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Why Both Sides

both sidesI am 73 years old. I have watched two generations of parents live their lives then slip away to whatever comes next. It seems to happen in one of several ways. The easiest way out seems to me to be what most people consider the most tragic … a sudden accident that snuffs out a life in its tracks. Then there are the injuries and illnesses that gradually drain the life from those we know. According to Tim McGraw’s Live Like You Were Dying, that can be a time to finally appreciate life and be the man (or woman) you were meant to be. Somehow, I suspect that doesn’t come easy. But some just getstranger old and slip away.  Certainly that is sometimes just due to the aging of the body, but I have a theory why others just decide to let go and die. I think as we age, we look at the world that’s changed around us and don’t like what we see. We feel like a Stranger in a Strange Land (to shoplift the title of Robert A. Heinlein’s classic sci-fi novel). And at some point we just say, I’m ready for whatever’s next. It can’t be worse than this.

Since the last election, I have been having some of those Stranger in a Strange Land feelings. It would be easy to blame President Trump and those who elected him but I think they are a just reflection of changes that have been happening in our society for years now. The election of a president that reflects those changes has just made them more obvious to this usually optimistic 73 year old. The degree of disagreement between citizens and the vehemence with which people express their opinions … without ever considering thatkryptonite The Other might be right … scares me. Such attitudes are kryptonite to democracy … we’ve seen what they do to the ability of our leaders to govern. Most news sources are incredibly biased, not just politically, but culturally and philosophically. President Trump is right about that but unfortunately he sees it as a problem only when it is biased against him. I regularly read articles in the mainstream media (yes, I’m talking to you, CNN … Fox … USA Today) that are more about personal attacks on the other side than news … or more about social engineering than fact. Neither side is willing to give The Other credit when it’s due or respect The Other’s beliefs. Social Media only makes things worse. Anyone can post information or mis-information with impunity and a citizenry drunk on confirmation bias is only too happy to believe what supports their opinions. That has become the definition of facts with everything else fake news.

So, what’s an aging writer to do. He can slip into being a Stranger in a Strange Land and risk deciding this life is not worth living any more … or he can write about his frustrations. This blog, Both Sides Now, will be my place for that. Here, I will try to see both sides of the news, always an invitation to controversy. I can almost guarantee that if you decide to follow me, you will disagree with some of what I post. I may even disagree with some of what I post. That is the nature of being open-minded. The secret to not being so open minded that your brain falls out is to: do your research in reliable places, distinguish opinion from fact and think. In other words, don’t be offended by my opinions, think about them. Any comments, pro or con, are welcome as long as they are respectfully offered.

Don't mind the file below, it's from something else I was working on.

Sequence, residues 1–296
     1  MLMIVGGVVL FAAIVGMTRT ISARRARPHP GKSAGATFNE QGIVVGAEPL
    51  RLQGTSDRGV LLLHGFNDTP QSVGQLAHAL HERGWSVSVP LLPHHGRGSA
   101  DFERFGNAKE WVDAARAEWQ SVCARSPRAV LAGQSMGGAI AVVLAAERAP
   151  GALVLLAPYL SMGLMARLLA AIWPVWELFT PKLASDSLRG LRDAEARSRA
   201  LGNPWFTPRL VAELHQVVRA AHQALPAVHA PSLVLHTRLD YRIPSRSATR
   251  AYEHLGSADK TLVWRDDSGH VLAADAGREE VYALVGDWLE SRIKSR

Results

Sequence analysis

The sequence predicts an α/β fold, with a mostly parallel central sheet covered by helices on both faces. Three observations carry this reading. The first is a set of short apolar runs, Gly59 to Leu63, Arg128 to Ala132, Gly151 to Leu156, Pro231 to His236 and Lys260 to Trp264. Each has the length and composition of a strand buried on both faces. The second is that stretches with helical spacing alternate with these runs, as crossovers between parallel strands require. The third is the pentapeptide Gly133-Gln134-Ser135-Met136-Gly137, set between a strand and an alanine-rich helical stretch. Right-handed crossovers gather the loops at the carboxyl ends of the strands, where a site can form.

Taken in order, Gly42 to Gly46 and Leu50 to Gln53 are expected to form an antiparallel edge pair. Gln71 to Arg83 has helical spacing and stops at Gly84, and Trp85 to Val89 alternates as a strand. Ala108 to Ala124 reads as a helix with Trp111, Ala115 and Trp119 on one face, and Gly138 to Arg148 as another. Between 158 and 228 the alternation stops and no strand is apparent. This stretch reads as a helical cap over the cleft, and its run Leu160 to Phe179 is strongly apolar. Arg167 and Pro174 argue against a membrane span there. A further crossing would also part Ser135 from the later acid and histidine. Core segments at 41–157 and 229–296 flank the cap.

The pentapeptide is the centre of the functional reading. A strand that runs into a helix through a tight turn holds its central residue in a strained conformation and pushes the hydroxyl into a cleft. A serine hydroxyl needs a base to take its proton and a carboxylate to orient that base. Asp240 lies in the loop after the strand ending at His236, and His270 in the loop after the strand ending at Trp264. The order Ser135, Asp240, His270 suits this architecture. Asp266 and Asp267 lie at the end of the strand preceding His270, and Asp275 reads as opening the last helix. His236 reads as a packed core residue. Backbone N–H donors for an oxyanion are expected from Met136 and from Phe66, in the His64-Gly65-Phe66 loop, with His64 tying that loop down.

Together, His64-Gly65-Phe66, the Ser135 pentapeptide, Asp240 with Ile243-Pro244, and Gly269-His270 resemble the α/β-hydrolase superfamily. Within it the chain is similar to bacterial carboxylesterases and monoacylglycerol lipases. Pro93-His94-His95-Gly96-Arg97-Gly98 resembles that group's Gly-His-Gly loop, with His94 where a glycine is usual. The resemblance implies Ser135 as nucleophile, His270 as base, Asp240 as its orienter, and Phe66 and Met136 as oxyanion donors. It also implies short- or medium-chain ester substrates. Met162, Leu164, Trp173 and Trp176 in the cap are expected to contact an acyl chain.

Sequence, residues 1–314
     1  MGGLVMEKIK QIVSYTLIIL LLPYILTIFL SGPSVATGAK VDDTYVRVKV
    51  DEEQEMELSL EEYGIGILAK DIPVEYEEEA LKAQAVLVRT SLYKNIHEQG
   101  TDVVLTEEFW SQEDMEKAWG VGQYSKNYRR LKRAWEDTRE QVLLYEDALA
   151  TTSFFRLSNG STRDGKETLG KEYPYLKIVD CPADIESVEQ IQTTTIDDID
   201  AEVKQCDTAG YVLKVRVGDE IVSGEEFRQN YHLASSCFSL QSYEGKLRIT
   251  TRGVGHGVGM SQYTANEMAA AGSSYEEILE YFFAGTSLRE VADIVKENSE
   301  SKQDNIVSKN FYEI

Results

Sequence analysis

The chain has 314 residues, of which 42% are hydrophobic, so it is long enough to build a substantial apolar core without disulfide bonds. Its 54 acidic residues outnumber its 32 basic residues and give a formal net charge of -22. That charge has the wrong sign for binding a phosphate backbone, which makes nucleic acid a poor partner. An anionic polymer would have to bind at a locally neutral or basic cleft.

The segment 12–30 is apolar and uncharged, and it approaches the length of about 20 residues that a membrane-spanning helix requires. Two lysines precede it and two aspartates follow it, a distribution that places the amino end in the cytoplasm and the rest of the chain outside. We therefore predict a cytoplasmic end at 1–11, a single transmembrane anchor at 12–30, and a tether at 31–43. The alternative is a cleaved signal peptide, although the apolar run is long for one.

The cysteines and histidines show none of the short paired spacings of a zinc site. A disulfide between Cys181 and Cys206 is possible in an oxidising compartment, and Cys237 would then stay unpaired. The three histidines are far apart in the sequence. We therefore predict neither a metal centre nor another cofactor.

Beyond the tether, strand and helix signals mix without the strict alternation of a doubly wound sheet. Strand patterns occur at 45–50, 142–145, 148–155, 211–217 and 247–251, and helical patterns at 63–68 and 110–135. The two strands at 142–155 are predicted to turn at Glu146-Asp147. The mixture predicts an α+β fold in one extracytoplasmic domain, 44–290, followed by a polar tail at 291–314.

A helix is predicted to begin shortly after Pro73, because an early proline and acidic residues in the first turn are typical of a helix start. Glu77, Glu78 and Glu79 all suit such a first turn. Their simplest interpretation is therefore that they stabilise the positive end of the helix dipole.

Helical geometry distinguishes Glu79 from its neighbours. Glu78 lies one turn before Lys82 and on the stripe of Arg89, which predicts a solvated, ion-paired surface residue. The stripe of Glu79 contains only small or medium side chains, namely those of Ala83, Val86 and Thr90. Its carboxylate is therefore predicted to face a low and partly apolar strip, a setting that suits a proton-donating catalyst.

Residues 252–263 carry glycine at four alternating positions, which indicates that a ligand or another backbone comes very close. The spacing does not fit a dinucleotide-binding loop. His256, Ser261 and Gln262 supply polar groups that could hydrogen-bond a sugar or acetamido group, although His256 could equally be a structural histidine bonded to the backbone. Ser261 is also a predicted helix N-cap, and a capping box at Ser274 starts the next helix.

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In the Air

I have not posted here in a while.  Truthfully, the current political and social landscape often leaves me wordless. an unaccustomed state for me.  This morning, reading David Kundtz’ book of essays, Awakened Mind: One-Minute Wake Up Calls to a Bold and Mindful Life*, I found this, titled Change in the Air.   It spoke to me.  Does it speak to you?

somethingAs nightfall does not come at once, neither does oppression. In both instances, there’s a twilight where everything remains seemingly unchanged, and it is in such twilight that we must be aware of change in the air, however slight, lest we become unwitting victims of the darkness. — Justice William O. Douglas

It’s twilight; have you noticed? Do you notice anything in the air? Something slightly different and new and off-key?

Is there anything that the institutions of the country are doing and becoming that makes you uncomfortable? Makes you squirm a bit? Do you often have, as I do, a desire to withdraw from the ups and downs and craziness of politics and public life and retreat into your own world?

Do you often find yourself angry at the policies and politics of the country? Does this ever lead you to espouse the extreme positions that now are rampant in our nation? The “right” or the “left?” Do you place yourself squarely in one of those groups and reject the other, even express opinions that could be interpreted as hateful of the other? It’s the same story for both angry “sides.” Oppression is oppression whoever wields it.

Are you aware that many cultures have fallen because they remained unaware of “something in the air” and blithely followed where they were led? Do you realize that a “far-right-winger,” a “leftist radical,” and all the rest of us in between could answer the above questions in exactly the same way, imagining very different “realities” and threats as they did so?

If we allow ourselves to become “unwitting victims of the darkness” we will all be victims— left, right, and center. Wake up. Watch for signs of “change in the air,” your “air.”

*Kundtz, David. Awakened Mind: One-Minute Wake Up Calls to a Bold and Mindful Life (p. 199). RedWheelWeiser. Kindle Edition.

A Bump in the Right Direction


This morning on my way to the office (OK, I was actually headed to the park but I was going to make business calls) I found myself listening to Fox News on Sirius XM.  Before you draw any conclusions about my political inclinations, let me point out that I also listen to CNN and MSNBC.  None of them are entirely satisfactory of sources of what we used to call news.   The discussion this morning was with two congressman, one Democrat and one Rebublican.  The subject was … wait for it.   Gun control.  On Fox News.  With a Rebublican speaking in favor.  Now before you get too excited, they were discussing a infinesimal increase in control motivated by the mass shootings in Las Vegas, the outlawing of so-called bump stocks which Stephen Paddock used on a number of his guns during the attack.   Without getting too technical, a bump stock is a legal addition to a semi-automatic weapon that makes it work pretty much like an automatic weapon, or machine gun.  While the inavailability of bump stocks (and other similar devices) would not have prevented the Las Vegas shootings, it might very well have reduceed the death toll.   On the other hand, my gun-loving friends tell me it is pretty easy to modify a semi-automatic rifle to fire like a machine gun. Continue reading “A Bump in the Right Direction”